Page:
The Uniontown Area High School graduate was named to the Pennsylvania Sports Writers All-State Team, tabbed as the player of the year by her local hometown newspaper, The Herald-Standard, represented her school as a scholar-athlete with a 4.25 GPA, finished second in her district in scoring and completed her high school career with 1,363 points and 1,028 rebounds in her four years playing for Uniontown.
Murray, who graduated on June 4, decided to head to Pittsburgh the day after donning her cap and gown in a socially distanced ceremony to march in a Black Lives Matter protest. Murray and many of her friends were aware of the potential dangers of the event but felt they had a responsibility to act in the face of social injustice.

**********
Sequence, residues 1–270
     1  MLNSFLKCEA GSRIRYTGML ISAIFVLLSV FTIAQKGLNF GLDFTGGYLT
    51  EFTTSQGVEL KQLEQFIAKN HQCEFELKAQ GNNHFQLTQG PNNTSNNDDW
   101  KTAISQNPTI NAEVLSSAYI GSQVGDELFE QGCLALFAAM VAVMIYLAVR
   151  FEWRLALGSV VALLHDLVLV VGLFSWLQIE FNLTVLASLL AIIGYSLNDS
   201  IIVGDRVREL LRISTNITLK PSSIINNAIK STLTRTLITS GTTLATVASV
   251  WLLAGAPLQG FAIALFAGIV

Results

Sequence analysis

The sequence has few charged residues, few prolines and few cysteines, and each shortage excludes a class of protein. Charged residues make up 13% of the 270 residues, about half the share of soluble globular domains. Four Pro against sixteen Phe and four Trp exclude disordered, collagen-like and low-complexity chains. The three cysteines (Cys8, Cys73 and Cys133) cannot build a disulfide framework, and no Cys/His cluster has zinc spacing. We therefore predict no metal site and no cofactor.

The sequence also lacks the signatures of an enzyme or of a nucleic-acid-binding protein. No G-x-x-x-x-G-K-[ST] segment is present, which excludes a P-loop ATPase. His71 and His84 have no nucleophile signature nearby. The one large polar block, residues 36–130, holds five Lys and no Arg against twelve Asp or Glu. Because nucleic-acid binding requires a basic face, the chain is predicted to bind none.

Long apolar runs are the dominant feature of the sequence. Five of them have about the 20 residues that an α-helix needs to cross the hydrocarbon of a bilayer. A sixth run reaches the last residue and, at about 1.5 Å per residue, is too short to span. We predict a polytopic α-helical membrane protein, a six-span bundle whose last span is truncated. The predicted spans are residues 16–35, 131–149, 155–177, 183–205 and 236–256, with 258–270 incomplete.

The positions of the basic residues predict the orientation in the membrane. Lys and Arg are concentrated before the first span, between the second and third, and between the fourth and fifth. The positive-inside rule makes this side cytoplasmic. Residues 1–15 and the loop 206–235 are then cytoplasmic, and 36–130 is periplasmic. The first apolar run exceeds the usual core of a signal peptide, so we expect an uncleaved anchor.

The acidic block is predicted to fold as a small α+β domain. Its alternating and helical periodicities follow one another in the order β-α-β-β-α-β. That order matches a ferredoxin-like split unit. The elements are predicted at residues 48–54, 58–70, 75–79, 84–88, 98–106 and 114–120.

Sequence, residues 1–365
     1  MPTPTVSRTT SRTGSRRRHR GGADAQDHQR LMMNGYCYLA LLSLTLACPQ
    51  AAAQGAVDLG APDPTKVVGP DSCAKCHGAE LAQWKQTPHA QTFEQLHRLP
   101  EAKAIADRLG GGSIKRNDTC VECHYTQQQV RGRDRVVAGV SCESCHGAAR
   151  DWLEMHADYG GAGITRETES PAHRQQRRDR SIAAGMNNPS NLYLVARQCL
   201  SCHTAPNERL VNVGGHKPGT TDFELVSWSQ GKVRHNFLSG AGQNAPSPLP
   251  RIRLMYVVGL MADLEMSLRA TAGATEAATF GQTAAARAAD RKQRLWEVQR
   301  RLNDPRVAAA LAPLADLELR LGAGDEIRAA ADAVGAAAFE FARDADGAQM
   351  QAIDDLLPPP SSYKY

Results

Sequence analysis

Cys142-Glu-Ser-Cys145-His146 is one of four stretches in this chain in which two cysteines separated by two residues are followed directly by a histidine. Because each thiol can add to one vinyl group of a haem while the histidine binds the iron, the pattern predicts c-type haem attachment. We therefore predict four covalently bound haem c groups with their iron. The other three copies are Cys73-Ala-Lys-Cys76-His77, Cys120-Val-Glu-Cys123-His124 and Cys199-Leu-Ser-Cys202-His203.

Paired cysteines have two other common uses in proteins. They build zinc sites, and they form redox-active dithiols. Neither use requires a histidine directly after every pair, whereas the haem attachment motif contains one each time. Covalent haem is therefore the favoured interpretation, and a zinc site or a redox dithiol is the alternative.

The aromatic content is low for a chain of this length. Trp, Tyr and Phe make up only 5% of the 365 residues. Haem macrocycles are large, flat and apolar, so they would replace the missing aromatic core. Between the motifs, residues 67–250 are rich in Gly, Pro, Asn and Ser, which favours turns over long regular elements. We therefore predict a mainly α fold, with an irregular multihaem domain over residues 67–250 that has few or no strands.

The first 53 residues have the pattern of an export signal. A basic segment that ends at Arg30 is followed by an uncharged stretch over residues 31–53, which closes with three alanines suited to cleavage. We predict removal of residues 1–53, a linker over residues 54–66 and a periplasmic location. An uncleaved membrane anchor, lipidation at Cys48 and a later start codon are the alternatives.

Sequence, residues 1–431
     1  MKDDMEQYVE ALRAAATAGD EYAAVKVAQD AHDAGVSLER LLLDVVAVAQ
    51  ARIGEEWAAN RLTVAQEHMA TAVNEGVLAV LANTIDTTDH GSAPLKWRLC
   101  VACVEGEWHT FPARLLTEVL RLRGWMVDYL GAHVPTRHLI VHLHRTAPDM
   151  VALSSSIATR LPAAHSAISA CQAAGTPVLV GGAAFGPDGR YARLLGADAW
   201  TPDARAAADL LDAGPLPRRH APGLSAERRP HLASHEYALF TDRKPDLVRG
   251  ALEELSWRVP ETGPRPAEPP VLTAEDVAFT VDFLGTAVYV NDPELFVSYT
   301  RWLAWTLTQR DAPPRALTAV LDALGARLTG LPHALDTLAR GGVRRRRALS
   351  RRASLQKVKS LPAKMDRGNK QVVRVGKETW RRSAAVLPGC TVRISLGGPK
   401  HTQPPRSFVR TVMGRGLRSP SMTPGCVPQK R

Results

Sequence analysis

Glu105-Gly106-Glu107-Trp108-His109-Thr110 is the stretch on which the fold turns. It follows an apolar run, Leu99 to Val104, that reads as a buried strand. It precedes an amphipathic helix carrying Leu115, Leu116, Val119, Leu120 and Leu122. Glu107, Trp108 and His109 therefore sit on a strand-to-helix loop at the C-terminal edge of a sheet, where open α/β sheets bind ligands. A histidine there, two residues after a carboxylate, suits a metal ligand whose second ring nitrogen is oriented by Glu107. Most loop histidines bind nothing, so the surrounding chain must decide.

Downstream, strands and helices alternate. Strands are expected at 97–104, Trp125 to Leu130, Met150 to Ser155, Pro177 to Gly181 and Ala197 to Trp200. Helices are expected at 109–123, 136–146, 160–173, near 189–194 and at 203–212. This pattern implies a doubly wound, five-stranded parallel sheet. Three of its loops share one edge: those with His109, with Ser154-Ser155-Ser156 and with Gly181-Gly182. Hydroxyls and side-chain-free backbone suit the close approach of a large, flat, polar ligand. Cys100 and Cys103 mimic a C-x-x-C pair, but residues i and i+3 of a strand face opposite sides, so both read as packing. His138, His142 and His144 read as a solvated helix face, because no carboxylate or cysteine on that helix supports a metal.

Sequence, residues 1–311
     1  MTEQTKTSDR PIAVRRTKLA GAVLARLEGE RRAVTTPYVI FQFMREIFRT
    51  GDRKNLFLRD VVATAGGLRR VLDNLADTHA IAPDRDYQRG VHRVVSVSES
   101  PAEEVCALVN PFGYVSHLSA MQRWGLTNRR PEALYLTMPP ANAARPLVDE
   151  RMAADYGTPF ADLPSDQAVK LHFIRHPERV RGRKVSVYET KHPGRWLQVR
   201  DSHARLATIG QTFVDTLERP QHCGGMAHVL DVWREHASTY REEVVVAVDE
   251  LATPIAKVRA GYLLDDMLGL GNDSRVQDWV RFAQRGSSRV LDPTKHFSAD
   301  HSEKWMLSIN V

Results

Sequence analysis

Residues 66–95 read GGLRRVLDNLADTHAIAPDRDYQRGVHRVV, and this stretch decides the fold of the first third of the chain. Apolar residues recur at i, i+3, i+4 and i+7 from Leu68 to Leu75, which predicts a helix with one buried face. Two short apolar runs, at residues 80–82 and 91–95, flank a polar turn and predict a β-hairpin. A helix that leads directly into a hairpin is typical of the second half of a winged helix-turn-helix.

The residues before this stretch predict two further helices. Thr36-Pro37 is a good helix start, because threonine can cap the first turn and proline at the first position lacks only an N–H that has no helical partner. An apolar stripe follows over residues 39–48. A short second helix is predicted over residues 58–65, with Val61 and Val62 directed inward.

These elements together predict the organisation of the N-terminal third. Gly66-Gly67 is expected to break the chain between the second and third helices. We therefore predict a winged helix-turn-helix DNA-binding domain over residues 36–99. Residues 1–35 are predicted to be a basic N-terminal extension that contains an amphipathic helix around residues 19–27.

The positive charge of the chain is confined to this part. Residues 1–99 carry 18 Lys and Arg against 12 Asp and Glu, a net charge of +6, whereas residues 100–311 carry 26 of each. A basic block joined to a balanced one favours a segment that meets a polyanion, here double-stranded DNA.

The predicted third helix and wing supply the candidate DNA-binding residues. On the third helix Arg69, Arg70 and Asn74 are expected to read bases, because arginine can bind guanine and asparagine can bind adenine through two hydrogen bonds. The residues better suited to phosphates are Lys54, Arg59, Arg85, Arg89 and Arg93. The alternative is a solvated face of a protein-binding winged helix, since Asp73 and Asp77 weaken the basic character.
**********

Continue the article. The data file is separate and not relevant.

“I just felt like this movement is really important to me, especially being a person of color,” Murray said. “I have had personal experiences that have shown me that things need to change. My mom has always tried to shelter me from how cruel the world could be, but I still experienced smart remarks and criticism my whole life.
The Ivy League on Friday announced an initiative including all 16 men’s and women’s basketball programs expressing commitment to the Black Lives Matter movement.
Called “Ivy Promise,” the initiative comes with a message from the 16 women’s and men’s basketball head coaches: